Methane is the "single most important measure that contributes to the overall fall in emissions from oil and gas operations." (IEA)

Action on methane is vital to any success here. The IEA describes methane reduction as the “single most important measure that contributes to the overall fall in emissions from oil and gas operations”, highlighting that many of the actions required would also be profitable for companies. Industry action is accelerating in response - COP28 saw 50 oil and gas producers, accounting for 40% of global oil production, commit to limiting upstream methane emissions to near zero as part of a pledge to reach net zero operational emissions by 2050.

However, methane disclosure remains notoriously unreliable, making tracking progress difficult. We recently published a detailed member consultation paper specifically to provide further support for investor engagement on this topic.

Other components of the IEA’s framework include whether a company has committed to stop investing in long lead time conventional oil and gas production and, for companies looking to diversify, the share of investment in renewables rising to 50% by 2030. These are supplemented by qualitative assessments of disclosure, use of offsets and disposals.

Overall, the IEA framework represents a very valuable tool to assess oil and gas companies, with all topics covered in our Net Zero Standard for Oil and Gas.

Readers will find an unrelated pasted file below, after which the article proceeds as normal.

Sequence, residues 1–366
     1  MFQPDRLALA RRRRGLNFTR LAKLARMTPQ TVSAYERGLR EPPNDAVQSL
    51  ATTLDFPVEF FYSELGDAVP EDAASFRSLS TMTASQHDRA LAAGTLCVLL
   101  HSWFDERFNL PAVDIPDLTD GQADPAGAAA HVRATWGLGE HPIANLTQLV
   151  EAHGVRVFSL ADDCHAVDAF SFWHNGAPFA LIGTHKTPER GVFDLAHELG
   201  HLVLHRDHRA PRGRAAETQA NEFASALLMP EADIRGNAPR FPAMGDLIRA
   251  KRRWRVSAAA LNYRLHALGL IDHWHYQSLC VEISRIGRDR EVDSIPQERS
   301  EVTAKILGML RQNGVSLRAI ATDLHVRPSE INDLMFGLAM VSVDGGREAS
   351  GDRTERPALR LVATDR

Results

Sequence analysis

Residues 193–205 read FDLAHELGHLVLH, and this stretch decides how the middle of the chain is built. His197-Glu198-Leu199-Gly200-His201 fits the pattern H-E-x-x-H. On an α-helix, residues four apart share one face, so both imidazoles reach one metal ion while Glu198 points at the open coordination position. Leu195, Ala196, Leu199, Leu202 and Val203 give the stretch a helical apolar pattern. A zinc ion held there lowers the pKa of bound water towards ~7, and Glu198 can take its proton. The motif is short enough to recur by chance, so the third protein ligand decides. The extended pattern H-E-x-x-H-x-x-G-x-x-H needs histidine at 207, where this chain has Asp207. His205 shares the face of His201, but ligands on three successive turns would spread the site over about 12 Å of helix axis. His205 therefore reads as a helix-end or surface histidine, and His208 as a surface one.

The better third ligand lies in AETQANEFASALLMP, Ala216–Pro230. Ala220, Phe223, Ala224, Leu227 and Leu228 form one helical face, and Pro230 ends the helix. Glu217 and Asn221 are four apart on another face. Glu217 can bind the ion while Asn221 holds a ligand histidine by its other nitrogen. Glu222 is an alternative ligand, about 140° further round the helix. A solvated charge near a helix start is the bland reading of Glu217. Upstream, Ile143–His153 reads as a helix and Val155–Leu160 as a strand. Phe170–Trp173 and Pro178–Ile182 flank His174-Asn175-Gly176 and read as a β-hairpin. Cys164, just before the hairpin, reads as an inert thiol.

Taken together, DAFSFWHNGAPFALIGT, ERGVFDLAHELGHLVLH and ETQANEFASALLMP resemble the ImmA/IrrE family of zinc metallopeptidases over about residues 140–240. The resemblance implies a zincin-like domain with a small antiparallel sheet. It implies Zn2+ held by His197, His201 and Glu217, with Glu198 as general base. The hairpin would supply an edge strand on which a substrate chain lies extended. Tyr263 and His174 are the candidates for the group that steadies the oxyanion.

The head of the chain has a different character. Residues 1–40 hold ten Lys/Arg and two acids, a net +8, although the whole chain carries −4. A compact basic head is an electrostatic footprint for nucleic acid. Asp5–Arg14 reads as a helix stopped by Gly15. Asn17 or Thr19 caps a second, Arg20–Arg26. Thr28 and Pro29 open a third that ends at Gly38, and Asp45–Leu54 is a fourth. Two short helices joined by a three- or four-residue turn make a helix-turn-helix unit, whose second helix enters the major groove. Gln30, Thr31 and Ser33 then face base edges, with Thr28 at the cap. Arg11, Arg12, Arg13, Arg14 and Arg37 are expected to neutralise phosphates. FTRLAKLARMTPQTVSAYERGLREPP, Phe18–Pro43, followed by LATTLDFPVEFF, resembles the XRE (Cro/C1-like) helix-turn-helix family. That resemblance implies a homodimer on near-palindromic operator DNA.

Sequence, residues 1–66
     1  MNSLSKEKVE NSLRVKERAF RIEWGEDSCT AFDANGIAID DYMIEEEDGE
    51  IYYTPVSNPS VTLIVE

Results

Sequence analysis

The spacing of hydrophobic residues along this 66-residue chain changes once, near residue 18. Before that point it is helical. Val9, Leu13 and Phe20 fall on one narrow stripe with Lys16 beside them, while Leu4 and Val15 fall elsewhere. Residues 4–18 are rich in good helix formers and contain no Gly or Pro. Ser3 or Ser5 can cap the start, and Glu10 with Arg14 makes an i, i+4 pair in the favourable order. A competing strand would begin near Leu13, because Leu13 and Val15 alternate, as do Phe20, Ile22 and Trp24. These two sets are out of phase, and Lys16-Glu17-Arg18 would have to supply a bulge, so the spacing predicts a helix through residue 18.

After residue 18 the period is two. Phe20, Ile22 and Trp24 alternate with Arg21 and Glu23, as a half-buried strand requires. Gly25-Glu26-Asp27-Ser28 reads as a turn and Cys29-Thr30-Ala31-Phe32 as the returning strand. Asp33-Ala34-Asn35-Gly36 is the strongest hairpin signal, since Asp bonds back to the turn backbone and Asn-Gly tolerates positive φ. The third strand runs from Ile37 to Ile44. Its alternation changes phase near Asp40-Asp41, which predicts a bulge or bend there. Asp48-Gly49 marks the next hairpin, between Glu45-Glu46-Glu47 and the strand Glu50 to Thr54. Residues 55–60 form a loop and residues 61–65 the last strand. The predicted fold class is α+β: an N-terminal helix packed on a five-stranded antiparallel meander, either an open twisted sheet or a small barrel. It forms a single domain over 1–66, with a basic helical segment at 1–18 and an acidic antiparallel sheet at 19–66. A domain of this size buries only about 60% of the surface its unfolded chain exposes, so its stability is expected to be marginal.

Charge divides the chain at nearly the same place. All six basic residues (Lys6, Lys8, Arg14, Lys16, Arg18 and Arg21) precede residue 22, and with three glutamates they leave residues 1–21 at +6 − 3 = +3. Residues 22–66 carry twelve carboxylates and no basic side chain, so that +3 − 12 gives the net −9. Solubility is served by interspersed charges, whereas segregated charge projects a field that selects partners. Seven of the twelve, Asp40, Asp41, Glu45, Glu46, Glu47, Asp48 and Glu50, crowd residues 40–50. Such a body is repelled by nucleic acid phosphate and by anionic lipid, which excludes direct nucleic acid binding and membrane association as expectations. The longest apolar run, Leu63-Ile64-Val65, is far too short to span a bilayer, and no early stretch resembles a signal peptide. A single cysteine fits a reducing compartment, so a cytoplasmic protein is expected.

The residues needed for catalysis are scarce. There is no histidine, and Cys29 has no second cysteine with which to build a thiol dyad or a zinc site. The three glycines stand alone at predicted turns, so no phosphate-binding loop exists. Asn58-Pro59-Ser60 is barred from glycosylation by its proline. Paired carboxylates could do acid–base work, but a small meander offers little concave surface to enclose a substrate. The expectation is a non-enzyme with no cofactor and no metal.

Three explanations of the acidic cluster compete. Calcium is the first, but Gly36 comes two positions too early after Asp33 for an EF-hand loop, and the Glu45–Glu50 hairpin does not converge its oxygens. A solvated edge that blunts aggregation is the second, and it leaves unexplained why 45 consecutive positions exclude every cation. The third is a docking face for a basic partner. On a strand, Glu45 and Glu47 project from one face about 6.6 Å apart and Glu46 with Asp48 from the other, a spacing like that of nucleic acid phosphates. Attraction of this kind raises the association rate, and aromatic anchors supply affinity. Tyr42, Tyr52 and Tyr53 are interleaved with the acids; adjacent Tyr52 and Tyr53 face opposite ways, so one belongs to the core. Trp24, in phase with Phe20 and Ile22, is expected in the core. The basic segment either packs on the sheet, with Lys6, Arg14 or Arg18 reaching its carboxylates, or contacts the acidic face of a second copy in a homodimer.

Scope 3 debate

One area of debate mentioned by the IEA is scope 3 emissions, which comes as media suggests that the US SEC is likely to drop requirements to disclose scope 3 from its climate disclosure rules. The IEA acknowledges that scope 3 can be useful to assess the transition strategies of oil and gas companies but does not include it within its framework, citing concerns about double counting, responsibility for reductions, and the risk of distracting the focus on operations.

Simply put, overlooking scope 3 in oil and gas is not an option for most investors.

While not without merit, in our view these concerns are substantially outweighed by the importance of scope 3 in helping investors to identify transition risk within their portfolios.

Scope 3 accounts for 80 to 95% of emissions in the oil and gas value chain – any company that achieves operational net zero still faces substantial transition risk. Its reporting and use in sectors such as automotive and mining is already widely accepted. Data does need to improve, which our scope 3 discussion paper sets out in more detail but, simply put, overlooking scope 3 in oil and gas is not an option for most investors.

A recent court decision in Norway serves as a specific example. Legal action prompted by Greenpeace and Friends of the Earth overturned approval for three oil fields after the case concluded that the emissions from the consumption of oil and gas extracted – scope 3 - had not been specifically addressed in the field assessment process.

Oil and gas companies represent a significant source of transition risk for most investors, who will therefore continue to assess that risk in the context of their individual net zero commitments - taking into account these complex, contradictory market and policy signals. There are now a growing number of resources to help.

If you’d like to take part in our working groups and help to shape the outputs of our resources, why not speak to our investor relations manager today to find out more about becoming a part of IIGCC?